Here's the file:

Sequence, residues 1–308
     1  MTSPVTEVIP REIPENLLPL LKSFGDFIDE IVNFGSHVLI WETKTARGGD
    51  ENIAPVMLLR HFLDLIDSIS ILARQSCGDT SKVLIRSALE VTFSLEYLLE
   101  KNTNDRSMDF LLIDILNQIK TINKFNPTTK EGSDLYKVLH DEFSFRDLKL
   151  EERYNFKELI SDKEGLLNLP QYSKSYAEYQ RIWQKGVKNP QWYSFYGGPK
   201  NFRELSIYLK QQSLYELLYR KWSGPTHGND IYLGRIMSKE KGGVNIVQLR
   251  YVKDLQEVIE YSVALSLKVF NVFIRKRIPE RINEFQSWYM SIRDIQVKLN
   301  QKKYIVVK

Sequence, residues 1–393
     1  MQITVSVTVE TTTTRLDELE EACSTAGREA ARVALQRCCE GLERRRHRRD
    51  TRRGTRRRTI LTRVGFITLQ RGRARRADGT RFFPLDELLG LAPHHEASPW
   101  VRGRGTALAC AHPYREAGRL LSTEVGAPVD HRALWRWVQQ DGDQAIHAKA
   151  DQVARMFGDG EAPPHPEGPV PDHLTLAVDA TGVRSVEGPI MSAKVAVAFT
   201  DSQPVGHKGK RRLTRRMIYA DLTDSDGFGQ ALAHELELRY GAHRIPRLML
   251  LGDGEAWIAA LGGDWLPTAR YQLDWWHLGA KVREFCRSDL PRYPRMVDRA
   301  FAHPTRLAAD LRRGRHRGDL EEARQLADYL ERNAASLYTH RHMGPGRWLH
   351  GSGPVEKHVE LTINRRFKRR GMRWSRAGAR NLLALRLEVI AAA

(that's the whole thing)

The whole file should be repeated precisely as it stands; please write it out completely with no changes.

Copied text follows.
Sequence, residues 1–308
     1  MTSPVTEVIP REIPENLLPL LKSFGDFIDE IVNFGSHVLI WETKTARGGD
    51  ENIAPVMLLR HFLDLIDSIS ILARQSCGDT SKVLIRSALE VTFSLEYLLE
   101  KNTNDRSMDF LLIDILNQIK TINKFNPTTK EGSDLYKVLH DEFSFRDLKL
   151  EERYNFKELI SDKEGLLNLP QYSKSYAEYQ RIWQKGVKNP QWYSFYGGPK
   201  NFRELSIYLK QQSLYELLYR KWSGPTHGND IYLGRIMSKE KGGVNIVQLR
   251  YVKDLQEVIE YSVALSLKVF NVFIRKRIPE RINEFQSWYM SIRDIQVKLN
   301  QKKYIVVK

Sequence, residues 1–393
     1  MQITVSVTVE TTTTRLDELE EACSTAGREA ARVALQRCCE GLERRRHRRD
    51  TRRGTRRRTI LTRVGFITLQ RGRARRADGT RFFPLDELLG LAPHHEASPW
   101  VRGRGTALAC AHPYREAGRL LSTEVGAPVD HRALWRWVQQ DGDQAIHAKA
   151  DQVARMFGDG EAPPHPEGPV PDHLTLAVDA TGVRSVEGPI MSAKVAVAFT
   201  DSQPVGHKGK RRLTRRMIYA DLTDSDGFGQ ALAHELELRY GAHRIPRLML
   251  LGDGEAWIAA LGGDWLPTAR YQLDWWHLGA KVREFCRSDL PRYPRMVDRA
   301  FAHPTRLAAD LRRGRHRGDL EEARQLADYL ERNAASLYTH RHMGPGRWLH
   351  GSGPVEKHVE LTINRRFKRR GMRWSRAGAR NLLALRLEVI AAA